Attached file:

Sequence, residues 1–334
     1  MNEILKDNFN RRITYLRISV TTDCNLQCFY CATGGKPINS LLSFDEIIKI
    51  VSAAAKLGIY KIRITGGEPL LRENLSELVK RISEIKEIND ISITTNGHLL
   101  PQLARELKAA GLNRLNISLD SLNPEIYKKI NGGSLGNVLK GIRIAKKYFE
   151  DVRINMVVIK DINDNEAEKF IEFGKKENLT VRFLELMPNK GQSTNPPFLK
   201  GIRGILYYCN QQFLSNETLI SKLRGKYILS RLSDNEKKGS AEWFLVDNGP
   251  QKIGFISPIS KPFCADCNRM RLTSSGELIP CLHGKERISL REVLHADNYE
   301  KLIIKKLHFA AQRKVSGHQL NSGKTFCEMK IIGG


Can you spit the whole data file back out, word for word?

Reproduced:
Sequence, residues 1–334
     1  MNEILKDNFN RRITYLRISV TTDCNLQCFY CATGGKPINS LLSFDEIIKI
    51  VSAAAKLGIY KIRITGGEPL LRENLSELVK RISEIKEIND ISITTNGHLL
   101  PQLARELKAA GLNRLNISLD SLNPEIYKKI NGGSLGNVLK GIRIAKKYFE
   151  DVRINMVVIK DINDNEAEKF IEFGKKENLT VRFLELMPNK GQSTNPPFLK
   201  GIRGILYYCN QQFLSNETLI SKLRGKYILS RLSDNEKKGS AEWFLVDNGP
   251  QKIGFISPIS KPFCADCNRM RLTSSGELIP CLHGKERISL REVLHADNYE
   301  KLIIKKLHFA AQRKVSGHQL NSGKTFCEMK IIGG